Of the decedents that received at least one naloxone administration in their EMS history (n=178), decedents that utilized EMS at both time points received the largest administration at 44% (n=80). This was followed by 41% (n=73) of decedents that had EMS contact at death only.
For half of the decedents analyzed, their only encounter with EMS was associated with their death. This could be explained by the type of drugs that contributed to their deaths, as stronger illicit and/or pharmaceutical drugs such as fentanyl, contributed to more overdose deaths in this population than other drug types2. Although decedents aged 15-24 years had highest EMS contact at death run only, illicit drugs were more commonly found in this particular group than other age groups2.
Evidence has shown that a prior non-fatal overdose in the past, increases the risk of a fatal overdose in the future3. One-third (n=195) of decedents in this analysis had both a prior contact with EMS in the year before death and within 48 hours of death. However, it is unknown whether their previous contacts with EMS was associated with an overdose. Further investigation into chief complaints of EMS runs would need to be done to assess the association between prior EMS contact due to a non-fatal overdose and risk of a subsequent fatal overdose.
In this analysis, women had a larger percentage of EMS contact at both time points than men. Studies have indicated that women are more at risk than men for having a fatal overdose4. One possibility is that the concurrent use of opioid prescription and illicit drugs, occurs more often among women than in men elevating their risk of having non-fatal and fatal overdoses.
Identifying high-risk individuals with previous overdoses can help to minimize the gap between overdose and accessibility to treatment services. As part of the rapid response plan, the West Virginia Drug Control Policy Act was passed to improve drug overdose surveillance and help strengthen response5. The policy enacted the creation of a central repository that will store drug overdose information, making drug overdoses a notifiable condition.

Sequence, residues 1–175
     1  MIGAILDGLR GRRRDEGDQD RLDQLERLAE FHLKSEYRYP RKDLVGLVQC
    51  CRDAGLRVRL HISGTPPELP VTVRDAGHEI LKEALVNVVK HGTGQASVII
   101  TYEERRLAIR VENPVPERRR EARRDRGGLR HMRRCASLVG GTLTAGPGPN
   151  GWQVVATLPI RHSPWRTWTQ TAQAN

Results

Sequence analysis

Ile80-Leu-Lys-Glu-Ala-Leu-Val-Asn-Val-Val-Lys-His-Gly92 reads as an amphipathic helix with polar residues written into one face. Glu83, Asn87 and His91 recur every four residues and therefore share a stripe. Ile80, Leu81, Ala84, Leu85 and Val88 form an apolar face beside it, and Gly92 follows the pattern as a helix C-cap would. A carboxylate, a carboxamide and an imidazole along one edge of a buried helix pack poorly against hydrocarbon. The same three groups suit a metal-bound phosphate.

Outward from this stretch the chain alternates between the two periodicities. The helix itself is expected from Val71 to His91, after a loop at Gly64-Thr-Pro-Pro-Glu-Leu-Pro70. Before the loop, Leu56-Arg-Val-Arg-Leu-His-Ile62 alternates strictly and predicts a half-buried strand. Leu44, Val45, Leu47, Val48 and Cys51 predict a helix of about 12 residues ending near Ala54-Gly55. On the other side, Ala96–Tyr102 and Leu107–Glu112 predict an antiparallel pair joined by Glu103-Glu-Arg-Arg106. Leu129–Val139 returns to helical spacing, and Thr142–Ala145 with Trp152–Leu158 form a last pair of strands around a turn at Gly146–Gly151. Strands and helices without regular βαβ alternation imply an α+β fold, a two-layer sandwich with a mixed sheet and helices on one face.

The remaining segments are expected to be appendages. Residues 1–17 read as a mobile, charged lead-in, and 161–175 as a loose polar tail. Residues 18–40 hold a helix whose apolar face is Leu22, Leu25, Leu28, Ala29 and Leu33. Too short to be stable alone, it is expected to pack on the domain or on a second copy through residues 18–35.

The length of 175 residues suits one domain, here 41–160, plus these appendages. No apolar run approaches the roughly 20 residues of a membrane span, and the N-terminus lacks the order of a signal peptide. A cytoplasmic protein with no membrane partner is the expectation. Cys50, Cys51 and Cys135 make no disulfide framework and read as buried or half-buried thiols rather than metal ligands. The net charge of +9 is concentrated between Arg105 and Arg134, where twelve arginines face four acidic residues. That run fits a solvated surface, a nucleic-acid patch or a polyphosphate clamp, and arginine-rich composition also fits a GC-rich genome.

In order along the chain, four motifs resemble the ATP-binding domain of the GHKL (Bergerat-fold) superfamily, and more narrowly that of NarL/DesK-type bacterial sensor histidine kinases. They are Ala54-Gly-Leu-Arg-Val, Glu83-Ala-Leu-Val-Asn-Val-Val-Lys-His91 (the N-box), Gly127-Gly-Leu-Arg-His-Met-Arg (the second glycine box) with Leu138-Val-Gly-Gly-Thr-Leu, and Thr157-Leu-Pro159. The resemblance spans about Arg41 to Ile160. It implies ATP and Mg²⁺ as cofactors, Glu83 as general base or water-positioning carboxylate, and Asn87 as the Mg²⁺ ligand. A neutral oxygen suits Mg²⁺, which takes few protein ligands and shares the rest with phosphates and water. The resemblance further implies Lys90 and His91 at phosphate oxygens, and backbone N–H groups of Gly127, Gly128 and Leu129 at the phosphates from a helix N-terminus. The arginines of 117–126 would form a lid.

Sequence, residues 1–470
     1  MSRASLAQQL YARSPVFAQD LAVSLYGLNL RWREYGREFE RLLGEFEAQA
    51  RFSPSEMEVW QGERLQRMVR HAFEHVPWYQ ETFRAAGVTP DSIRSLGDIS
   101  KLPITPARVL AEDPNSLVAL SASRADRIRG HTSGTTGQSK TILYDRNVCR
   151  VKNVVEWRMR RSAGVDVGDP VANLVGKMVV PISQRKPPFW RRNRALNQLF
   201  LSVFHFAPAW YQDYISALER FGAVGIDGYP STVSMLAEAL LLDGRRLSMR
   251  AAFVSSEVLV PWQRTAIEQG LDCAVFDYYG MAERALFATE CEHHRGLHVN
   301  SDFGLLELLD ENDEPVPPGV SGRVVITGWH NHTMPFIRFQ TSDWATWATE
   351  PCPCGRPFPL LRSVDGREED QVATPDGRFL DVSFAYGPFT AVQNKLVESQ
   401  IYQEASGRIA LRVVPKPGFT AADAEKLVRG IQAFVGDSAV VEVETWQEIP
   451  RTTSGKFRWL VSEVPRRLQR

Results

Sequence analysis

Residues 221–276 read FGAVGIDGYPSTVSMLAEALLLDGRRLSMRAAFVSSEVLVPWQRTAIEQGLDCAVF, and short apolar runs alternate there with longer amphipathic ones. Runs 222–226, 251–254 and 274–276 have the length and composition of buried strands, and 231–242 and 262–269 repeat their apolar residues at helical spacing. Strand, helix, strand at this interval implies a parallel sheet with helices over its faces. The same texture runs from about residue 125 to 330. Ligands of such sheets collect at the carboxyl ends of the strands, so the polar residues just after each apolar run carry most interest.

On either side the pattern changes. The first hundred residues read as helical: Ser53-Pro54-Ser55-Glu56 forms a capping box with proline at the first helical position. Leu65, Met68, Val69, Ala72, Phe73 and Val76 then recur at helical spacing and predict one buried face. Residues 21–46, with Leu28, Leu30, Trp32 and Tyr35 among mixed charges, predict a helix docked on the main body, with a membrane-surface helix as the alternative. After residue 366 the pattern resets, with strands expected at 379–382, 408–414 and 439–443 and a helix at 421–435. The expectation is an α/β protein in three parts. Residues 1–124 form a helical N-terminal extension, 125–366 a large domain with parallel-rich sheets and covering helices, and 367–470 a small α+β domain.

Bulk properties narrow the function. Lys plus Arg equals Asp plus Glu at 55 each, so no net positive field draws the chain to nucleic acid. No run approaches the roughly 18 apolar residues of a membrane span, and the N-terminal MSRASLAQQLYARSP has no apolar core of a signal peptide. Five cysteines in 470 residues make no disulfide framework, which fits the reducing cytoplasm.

1. Seth P, Scholl L, Rudd RA, Bacon S. Overdose Deaths Involving Opioids, Cocaine, and Psychostimulants — United States, 2015–2016. MMWR Morb Mortal Wkly Rep. 2018; 67: 349–358.
2. West Virginia Violence and Injury Prevention Center. 2016 WV Overdose Fatality Analysis: Healthcare Systems Utilization, Risk Factors, and Opportunities for Intervention. 2017 Dec 20.
3. Stoové MA, Dietze PM, Jolley D. Overdose deaths following previous non-fatal heroin overdose: record linkage of ambulance attendance and death registry data. Drug Alcohol Rev. 2009 Jul; 28(4): 347-52.
4. Evans E, Kelleghan A, Li L, Min J, Huang D, Urada D, Hser YI, Nosyk B. Gender differences in mortality among treated opioid dependent patients. Drug Alcohol Depen. 2015 Oct 1; 155: 228-35.
5. West Virginia Legislature. West Virginia Drug Control Policy Act [Internet]. 2017. Available from: http://www.wvlegislature.gov/Bill_Status/bills_text.cfm?billdoc=HB2620 SUB ENR.htm&yr=2017&sesstype=RS&billtype=B&houseorig=H&i=2620.